Contrast: Imperial Fist (18ml)

Contrast: Imperial Fist (18ml)

RRP: £4.75
Now £4.69
RRP £4.75
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Contrast: Imperial Fist (18ml) (6 Pack) – More Information Coming Soon!
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Contrast: Imperial Fist (18ml) (6 Pack) - More Information Coming Soon!

imperial fist pain splat

They Call Me Imperial Fist Yellow

Welcome to the first in a long line of citadel paint reviews. In these reviews, I’ll be exploring what citadel have done to make a particular colour in their range pop. Finally, I’ll be applying the paint to three different base colours and comparing the results so you can see exactly what colour is best to use for your models. In this review, I’ll be placing one of Citadel’s newest contrast paints, ‘Imperial Fist‘, in the line of fire to see how it holds up.

In 2022, Citadel released a new line of paints to the contrast line, promising a newly improved formula that provides more vibrant results than ever. In addition, these new colours expanded the variety of shades that were already available in the range, making this form of quick painting accessible to more painters.

Looking at the pot of paint itself, it oozes a bright fluorescent shade of yellow which would stand out on the armor of any marine. In fact, this colour was designed specifically with the imperial fist faction from Horus Heresy in mind. In the bottle, you get a generous 18mls of paint which is already thin enough to apply straight to a model. In fact, the whole idea of contrast paints is to allow the paint to do all the work of shading for you.

I can imagine that this colour will really pop on a bright base paint such as white or silver, but I think it will really struggle on darker colours such as black or grey. Nonetheless, enough speculating, it’s time to put them to the test. To get an equal result from all three tests, I applied two coats of paint to each base colour and let them dry for 12 hours before comparing.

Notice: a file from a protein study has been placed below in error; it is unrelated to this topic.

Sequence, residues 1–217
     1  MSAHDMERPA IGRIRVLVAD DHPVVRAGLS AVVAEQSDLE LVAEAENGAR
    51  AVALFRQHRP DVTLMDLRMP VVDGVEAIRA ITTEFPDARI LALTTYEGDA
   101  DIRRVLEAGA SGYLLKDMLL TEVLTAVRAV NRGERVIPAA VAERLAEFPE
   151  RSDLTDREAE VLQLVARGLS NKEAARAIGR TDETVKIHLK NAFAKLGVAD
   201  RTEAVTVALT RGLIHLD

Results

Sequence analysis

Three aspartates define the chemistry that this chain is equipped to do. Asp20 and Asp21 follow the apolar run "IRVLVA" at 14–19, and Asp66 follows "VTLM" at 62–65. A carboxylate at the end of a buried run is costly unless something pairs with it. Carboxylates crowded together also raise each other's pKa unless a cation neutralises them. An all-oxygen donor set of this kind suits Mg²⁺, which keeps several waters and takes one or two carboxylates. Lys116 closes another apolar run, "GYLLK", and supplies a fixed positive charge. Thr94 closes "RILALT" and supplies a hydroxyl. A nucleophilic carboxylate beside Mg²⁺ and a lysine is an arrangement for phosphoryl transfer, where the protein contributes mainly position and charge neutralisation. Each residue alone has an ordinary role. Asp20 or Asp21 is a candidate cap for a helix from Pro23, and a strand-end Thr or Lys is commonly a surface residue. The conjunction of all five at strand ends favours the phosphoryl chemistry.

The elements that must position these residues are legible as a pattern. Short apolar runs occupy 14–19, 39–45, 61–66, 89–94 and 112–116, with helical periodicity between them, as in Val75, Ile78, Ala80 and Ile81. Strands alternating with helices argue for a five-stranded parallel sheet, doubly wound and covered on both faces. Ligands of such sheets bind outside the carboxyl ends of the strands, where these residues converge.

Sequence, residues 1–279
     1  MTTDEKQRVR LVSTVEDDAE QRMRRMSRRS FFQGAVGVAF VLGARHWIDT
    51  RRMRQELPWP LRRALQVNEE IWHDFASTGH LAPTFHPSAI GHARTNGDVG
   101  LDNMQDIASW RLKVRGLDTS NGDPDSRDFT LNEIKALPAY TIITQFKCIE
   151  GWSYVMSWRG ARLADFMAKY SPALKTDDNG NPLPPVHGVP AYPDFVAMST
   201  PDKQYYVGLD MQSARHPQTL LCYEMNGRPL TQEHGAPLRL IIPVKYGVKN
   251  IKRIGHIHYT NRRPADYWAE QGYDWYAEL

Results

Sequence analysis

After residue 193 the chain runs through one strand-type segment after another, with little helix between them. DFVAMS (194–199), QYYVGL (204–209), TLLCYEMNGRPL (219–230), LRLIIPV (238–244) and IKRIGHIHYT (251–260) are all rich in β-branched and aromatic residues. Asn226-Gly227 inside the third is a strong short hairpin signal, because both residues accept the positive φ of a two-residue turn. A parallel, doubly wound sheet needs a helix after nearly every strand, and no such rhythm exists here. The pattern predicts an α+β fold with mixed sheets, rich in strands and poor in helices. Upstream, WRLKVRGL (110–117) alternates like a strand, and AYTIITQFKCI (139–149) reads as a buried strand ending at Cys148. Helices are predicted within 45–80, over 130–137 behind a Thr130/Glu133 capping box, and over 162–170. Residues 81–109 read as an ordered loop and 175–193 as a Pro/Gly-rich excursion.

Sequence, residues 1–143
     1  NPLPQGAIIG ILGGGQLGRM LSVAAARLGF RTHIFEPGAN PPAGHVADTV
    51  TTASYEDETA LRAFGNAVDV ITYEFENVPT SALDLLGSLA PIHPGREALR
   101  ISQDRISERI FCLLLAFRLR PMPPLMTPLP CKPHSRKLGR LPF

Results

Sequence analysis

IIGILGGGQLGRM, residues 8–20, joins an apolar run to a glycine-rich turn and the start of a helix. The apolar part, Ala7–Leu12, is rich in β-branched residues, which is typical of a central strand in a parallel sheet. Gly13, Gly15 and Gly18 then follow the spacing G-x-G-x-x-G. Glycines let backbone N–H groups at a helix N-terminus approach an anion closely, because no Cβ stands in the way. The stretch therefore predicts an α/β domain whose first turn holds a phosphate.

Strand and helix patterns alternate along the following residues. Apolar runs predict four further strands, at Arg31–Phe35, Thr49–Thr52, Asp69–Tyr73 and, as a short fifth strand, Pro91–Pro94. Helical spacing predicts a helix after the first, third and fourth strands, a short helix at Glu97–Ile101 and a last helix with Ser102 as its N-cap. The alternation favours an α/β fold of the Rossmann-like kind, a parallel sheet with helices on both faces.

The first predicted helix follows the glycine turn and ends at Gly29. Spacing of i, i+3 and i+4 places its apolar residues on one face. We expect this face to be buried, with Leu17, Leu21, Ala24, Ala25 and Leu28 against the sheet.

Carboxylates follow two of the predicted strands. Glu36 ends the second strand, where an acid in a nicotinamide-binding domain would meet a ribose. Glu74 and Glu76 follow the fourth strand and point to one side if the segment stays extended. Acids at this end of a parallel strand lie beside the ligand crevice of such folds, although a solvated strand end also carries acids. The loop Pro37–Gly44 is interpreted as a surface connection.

imperial fist on white

Corax White Base

I think you’ll agree that the imperial fist contrast really lends itself to a white base coat. The bright yellow really pops from all parts of the base and has even shaded nicely in the crevices and indentations. I’m also impressed by how smooth it looks after two coats, as contrast paints are renown for struggling with flat surfaces. If you were looking to use this paint for your imperial first army, I would highly recommend using a white base for your models.

imperial fists on base

Mechanicus Standard Grey Base

From the get go, I knew that a yellow contrast would not lend itself to a grey base paint however I was really surprised with the result. What we are left with is an almost camo green colour that would look fantastic on the side of a tank. If you were looking to replicate this effect, just make sure to soak up any pools of paint that gather in the dents and lines, otherwise you’ll be left with bright yellow marks and it won’t suit the desired effect.

imperial fists on silver

Runefang Silver Base

I’m always excited to see the metallic result that contrast paints have on a silver base, and imperial first did not disappoint. What we are left with is a rustic gold colour that looks like it’s been dulled slightly by weather and war. This would look fantastic on armour and weapons, or parts of machinery. To make it pop even more, try dry brushing over it with ‘Necron compound’, one of Citadel’s dry paints.

Conclusion

Surprisingly, each base paint offered a unique result that would look effective on particular models. I was especially surprised by the result on the grey base paint which would look fantastic on an imperial marine tank.

I’m also pleased to see that this shade offers a variety of different resulting colours. It gives painters more options to explore when using the contrast range on their models, and also offers unique effects in only two coats of paint.

So that brings us to the end of this paint test, and I think that imperial fist held up pretty well. I’d love to know what you think of these results, which test was your favourite?